"One man's junk is another man's treasure"
-- Proverb of recent origin
At some point in the life of every community there will be a push to clean up the town. The good news is that it is usually a small minority that has to be motivated by the force of law to be good neighbors and residents.
Utah law gives cities and towns the power to regulate the abatement of noxious weeds, garbage, refuse or an illegal object or structure (Utah code 10-11-1). To do this, the governmental body of a city or town must first set some standards by ordinance. These should be reasonable and related to the health, safety and welfare of the community.
A good ordinance is one that anyone can read and immediately understand what is expected. On the flip side, a bad ordinance is one that a person cannot tell whether he or she is in compliance until a code enforcement inspector tells them so.
The ordinance should establish the position of a code enforcement officer or inspector. The duties of this officer are to inspect the community for the existence of conditions that violate a city ordinance, to determine who owns the property, and to give notice in writing to correct the problem (Utah Code 10-11-2).
Obviously, the code enforcer is expected to know and understand the ordinance, and is likely asked to perform their role more as a diplomat than as a police officer. Of note is that what one man sees as junk, another may consider an antique collection.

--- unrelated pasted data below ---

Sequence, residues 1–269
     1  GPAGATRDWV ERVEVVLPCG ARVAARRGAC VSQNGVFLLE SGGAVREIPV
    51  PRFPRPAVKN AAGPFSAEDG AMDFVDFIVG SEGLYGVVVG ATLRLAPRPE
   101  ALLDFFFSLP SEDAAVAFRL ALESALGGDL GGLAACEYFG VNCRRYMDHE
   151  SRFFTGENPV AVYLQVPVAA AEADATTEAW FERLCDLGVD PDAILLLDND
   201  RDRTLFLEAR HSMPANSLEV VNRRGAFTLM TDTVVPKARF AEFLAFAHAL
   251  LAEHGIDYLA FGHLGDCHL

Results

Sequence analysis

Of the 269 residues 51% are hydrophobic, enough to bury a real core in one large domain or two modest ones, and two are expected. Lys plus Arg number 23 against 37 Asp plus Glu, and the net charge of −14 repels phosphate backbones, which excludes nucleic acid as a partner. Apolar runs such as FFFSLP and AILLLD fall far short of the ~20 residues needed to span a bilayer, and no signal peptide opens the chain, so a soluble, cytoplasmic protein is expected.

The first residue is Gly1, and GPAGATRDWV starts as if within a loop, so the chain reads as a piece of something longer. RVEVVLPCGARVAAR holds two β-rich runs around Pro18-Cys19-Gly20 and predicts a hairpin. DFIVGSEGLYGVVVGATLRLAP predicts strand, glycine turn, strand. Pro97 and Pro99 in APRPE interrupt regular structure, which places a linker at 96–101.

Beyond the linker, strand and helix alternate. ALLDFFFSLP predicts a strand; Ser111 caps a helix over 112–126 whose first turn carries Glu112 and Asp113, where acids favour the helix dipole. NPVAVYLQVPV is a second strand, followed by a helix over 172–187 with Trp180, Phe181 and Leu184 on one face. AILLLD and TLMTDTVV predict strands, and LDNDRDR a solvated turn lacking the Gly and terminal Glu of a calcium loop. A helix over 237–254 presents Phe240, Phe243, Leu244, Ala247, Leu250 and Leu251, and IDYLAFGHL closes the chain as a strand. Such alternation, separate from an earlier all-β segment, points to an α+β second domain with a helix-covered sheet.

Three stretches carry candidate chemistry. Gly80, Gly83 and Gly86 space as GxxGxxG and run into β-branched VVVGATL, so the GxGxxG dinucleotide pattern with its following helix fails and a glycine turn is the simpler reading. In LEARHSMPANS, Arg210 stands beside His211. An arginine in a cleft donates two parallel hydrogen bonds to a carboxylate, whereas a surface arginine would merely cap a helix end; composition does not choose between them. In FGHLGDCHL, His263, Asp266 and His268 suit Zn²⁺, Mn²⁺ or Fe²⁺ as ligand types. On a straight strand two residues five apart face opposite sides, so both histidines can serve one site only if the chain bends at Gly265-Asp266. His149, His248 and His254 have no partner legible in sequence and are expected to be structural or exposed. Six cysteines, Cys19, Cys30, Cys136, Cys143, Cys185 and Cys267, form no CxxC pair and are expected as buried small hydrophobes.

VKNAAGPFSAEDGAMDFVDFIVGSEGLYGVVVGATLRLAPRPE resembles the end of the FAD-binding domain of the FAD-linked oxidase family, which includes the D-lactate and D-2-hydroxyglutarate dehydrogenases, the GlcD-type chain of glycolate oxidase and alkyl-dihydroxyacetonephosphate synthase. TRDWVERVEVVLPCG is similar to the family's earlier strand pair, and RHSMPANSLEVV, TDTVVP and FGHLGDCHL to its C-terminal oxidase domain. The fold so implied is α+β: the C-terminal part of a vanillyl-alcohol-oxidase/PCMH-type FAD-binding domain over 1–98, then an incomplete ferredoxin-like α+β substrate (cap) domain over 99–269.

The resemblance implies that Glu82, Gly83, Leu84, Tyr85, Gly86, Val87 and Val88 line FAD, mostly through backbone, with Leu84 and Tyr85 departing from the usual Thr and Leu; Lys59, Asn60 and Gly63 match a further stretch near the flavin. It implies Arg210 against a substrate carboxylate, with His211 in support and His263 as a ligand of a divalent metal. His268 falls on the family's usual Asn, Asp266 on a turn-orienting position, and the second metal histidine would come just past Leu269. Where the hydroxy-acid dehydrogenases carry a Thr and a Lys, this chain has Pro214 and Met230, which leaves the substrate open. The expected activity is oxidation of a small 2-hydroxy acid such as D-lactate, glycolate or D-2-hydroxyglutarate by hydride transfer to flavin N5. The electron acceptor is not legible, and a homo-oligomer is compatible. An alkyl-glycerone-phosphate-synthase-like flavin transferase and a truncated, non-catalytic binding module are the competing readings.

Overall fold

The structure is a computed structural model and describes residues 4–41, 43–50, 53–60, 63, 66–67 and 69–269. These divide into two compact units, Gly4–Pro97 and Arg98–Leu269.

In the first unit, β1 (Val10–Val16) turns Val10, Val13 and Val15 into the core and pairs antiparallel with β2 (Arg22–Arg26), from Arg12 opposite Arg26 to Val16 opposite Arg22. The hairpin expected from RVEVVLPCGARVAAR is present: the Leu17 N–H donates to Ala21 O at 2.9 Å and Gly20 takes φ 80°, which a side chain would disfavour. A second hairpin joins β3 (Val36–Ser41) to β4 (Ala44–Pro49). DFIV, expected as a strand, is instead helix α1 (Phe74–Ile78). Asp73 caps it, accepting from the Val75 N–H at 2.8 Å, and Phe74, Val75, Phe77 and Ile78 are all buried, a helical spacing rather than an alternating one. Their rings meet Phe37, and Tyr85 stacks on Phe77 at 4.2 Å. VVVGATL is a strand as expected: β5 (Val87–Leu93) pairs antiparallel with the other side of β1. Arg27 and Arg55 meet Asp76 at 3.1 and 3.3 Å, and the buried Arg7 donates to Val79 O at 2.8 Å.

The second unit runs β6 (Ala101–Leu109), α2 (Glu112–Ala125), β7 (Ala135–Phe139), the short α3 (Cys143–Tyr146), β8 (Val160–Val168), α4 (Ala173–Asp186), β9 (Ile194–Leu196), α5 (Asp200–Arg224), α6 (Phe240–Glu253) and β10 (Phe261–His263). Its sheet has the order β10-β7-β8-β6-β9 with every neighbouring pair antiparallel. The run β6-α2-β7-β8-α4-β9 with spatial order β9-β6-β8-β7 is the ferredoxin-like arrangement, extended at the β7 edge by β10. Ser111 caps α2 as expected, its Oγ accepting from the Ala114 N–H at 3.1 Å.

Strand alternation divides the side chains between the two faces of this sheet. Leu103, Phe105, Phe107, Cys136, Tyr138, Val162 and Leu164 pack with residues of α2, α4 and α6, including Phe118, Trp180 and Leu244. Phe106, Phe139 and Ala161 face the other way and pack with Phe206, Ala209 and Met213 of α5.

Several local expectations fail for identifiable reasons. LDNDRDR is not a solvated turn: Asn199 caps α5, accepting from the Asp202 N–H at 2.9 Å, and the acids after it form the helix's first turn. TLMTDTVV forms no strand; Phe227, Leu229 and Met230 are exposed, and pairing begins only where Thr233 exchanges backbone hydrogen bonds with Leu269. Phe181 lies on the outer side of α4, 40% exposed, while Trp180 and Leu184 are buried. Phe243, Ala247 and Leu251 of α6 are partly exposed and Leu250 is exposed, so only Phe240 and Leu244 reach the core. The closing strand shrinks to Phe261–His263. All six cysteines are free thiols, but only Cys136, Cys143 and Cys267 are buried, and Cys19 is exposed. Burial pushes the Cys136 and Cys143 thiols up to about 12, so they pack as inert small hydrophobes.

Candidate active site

The notice of a violation must be in writing and can be served either personally or by mail to the last known address as shown by the county assessor's list of property owners. It must give a minimum of 10 days to clean up the property. The inspector can give a longer compliance time frame with the expectation of working with people, as long as they show a willingness to conform to the ordinance. A period of less than 10 days cannot be imposed on violators by an enforcement officer to clean up if the city or town wants to implement the abatement and lien mechanisms of state law.
If there is a serious health or safety problem that must be taken care of immediately, there are other procedures the governing body can follow. Examples of those are the fire and health codes.
A heavy-handed process of cleaning up a community is never a pleasant means of enforcement. It has its downside and can be adversarial.
Voluntary compliance is the best possible direction for a community to follow before resorting to forced cleanup.
Nevertheless, sometimes it is necessary to use a stick as well as the carrot.
Steve Curtis has worked as a business consultant and communication specialist. He is currently mayor of Layton. He can be reached at firstname.lastname@example.org.